French Revolution From Despots to Dictators
French Revolution: From Despotsto Dictators
Journal entry 1: Storming theBastille
My name is Claude Armand, and Iam a member of France’s third estate. Today, I joined my fellowpeasants in storming the Bastille. The cry for equality, liberty, andfraternity is now bearing fruits. A few years back, my father hadparticipated in the American Revolution against Great Britain (Mantin33). The success of the revolution had encouraged the third estatethat it is possible to attain liberty and stop the oppressivepolicies of the monarchy. I had been afraid when my father asked meto join the revolution yesterday. The King and his troops had a greatadvantage over us civilians since we did not have any sophisticatedweapons. However, our militia leaders obviously considered this andthus they led us to Bastille to seize ammunition from the prison. Theprison attack was not easy since we faced a lot of resistance fromgovernor Marquis de Launay who refused to open the prison gates.Unfortunately, the resistance led to the death of several guards andgovernment officials such as Marquis de Launay (Frey and Frey 60).
Journal entry 2: Overthrowing theMonarchy
The air is tight with tension andexcitement. The third estate managed to revolt against the governmentat last! For several years now, we have suffered greatly under thehands of the first and second estates. These hypocritical classesclaim to be our spiritual and political leaders when in essence theytreat us as their slaves. For instance, I have to pay huge tax billsfrom my meagre salary as a shop owner. However, the wealthy first andsecond estate who own 10 % and 25% of the land respectively do notpay any tax at all! Moreover, King Louis XVI was ineffectual,indecisive, and unsuitable for his seat (Spielvogel 600). He had evenbeen so insensitive as to raise taxes for the third estate in orderto cover the country’s debts, a decision that led to the starvationof several commoners. The most logical position in this case was toget rid of the King and the entire monarchy. Thankfully, we managedto confine the king and his extravagant wife Marie Antoinette inParis. We were also able to imprison the royals who did not manage toescape. Literary, we overthrew the king, abolished monarchy, and tookover the control of the palace (Neely 20). Today, we enjoyed thefruits of the Enlightenment.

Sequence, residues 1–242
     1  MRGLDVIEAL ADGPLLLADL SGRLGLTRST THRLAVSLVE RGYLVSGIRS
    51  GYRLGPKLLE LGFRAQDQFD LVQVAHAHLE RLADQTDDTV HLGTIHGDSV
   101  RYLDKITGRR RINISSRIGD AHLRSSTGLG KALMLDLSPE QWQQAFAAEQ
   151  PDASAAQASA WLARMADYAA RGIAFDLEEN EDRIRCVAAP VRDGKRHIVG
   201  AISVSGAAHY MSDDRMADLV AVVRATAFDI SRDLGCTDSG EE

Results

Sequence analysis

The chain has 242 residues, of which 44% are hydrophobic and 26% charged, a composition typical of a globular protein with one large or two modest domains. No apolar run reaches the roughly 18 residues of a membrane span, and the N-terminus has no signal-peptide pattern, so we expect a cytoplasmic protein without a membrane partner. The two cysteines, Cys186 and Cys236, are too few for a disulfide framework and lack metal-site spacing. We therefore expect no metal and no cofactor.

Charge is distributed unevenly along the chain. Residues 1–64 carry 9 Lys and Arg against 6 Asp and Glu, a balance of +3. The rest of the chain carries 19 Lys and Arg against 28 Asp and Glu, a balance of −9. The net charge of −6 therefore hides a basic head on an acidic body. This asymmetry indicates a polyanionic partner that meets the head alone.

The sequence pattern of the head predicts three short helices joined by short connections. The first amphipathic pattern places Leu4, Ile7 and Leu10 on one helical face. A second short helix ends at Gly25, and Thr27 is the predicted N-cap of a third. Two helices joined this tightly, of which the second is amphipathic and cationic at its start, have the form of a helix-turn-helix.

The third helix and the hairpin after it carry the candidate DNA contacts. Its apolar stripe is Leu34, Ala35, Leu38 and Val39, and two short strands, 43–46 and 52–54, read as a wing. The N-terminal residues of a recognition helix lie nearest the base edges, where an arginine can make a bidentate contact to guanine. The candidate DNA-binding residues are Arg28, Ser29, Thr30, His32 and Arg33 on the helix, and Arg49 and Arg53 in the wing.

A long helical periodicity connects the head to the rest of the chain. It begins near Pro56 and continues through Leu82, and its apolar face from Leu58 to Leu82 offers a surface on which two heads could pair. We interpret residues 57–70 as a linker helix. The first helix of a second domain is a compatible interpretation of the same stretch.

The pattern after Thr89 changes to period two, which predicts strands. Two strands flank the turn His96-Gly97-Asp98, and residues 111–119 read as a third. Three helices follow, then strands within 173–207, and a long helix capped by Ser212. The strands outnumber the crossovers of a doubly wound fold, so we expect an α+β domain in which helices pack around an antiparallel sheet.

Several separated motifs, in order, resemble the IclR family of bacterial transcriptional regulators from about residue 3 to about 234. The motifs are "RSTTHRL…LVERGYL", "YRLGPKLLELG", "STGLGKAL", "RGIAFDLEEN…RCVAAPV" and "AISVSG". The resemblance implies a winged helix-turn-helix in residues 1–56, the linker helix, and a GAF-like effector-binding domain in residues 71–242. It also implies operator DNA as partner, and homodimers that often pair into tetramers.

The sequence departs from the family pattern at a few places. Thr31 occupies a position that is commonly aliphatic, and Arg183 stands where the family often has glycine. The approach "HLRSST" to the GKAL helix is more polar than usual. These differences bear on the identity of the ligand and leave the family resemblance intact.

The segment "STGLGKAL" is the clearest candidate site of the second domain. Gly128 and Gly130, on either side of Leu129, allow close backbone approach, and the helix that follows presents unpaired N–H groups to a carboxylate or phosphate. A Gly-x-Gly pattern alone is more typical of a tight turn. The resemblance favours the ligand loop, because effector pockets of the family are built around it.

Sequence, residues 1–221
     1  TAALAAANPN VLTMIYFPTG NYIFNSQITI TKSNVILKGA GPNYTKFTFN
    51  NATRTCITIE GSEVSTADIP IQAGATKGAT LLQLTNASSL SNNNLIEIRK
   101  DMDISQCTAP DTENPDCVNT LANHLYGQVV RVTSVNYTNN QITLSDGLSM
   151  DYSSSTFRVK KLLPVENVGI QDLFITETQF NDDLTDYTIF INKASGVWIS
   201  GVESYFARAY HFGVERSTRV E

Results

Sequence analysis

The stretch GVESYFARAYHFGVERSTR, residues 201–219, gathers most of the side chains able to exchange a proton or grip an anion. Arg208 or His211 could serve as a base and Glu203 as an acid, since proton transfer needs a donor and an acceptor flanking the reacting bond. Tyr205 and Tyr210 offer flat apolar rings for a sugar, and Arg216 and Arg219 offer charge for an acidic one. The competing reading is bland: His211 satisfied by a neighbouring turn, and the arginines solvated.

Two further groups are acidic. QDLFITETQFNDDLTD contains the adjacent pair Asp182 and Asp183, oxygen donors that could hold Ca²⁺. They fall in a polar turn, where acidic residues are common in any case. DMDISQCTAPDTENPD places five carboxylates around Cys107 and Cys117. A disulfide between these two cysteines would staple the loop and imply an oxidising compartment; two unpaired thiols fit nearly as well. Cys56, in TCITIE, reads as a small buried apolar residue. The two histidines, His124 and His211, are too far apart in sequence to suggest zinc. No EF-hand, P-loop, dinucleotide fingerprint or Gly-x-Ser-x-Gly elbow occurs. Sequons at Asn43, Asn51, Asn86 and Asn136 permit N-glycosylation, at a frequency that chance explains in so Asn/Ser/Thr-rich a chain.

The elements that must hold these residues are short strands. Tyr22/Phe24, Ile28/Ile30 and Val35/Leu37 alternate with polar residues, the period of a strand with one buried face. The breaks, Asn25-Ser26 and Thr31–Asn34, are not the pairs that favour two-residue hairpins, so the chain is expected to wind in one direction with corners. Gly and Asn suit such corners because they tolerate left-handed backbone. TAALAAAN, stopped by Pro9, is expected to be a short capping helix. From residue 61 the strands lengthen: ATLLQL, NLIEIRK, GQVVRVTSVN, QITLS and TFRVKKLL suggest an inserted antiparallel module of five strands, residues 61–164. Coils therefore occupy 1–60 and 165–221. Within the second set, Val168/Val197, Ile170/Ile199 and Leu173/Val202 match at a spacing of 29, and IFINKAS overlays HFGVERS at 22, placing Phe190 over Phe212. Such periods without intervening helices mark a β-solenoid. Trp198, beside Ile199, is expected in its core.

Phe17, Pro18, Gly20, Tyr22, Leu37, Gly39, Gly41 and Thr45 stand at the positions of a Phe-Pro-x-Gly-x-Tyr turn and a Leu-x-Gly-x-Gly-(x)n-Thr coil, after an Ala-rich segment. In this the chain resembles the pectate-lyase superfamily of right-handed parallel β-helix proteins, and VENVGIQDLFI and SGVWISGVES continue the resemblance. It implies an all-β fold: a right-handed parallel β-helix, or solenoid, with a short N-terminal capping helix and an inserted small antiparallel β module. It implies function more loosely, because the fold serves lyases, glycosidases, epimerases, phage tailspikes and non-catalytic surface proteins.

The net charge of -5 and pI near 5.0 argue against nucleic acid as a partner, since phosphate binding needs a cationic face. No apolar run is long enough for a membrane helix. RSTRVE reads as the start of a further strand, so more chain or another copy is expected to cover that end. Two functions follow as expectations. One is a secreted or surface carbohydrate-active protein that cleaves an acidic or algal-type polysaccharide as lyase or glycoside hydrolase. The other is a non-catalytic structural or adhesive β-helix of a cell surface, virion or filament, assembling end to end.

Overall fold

Journal Entry 3: The Birth of theRepublic of France
Abolishing the monarchy was agreat step towards ensuring liberty, equality, and fraternity.However, I must admit that I had been sceptical about what to expectafter the fall of the monarchy. Often, regimes overthrow anoppressive government only to oppress the people when they takecontrol (Thomas 16). My fears were addressed when the NationalAssembly took charge of the government. The Assembly is now referredto as the National Convention. Its first responsibility was todeclare France as a Republic officially. Jubilations filled the airas members of the third estate and those of the other estates who hadjoined the noble cause celebrated the birth of a nation. It will takea while to organize the country into a democratic nation where eachindividual is respected and free (Thomas 15). I hope for betterliving conditions under the new leadership. Abolishment of therestrictive classes will be essential to allow us to soar to greaterheights of success as a nation.
Frey, Linda, and Marsha Frey. TheFrench Revolution.Westport (Conn.: Greenwood press, 2004. Print.
Mantin, Peter. TheFrench Revolution.Oxford: Heinemann Educational, 1992. Print.
Neely, Sylvia. AConcise History of the French Revolution.Lanham: Rowman & Littlefield, 2008. Print.
Spielvogel, Jackson. Westencivilization: Volume C: Since 1789.New York: Cengage Learning. 2011. Print.
Thomas, Paul. TheFrench Revolution. NewYork: In the Hands of a Child Publishers. 2001. Print.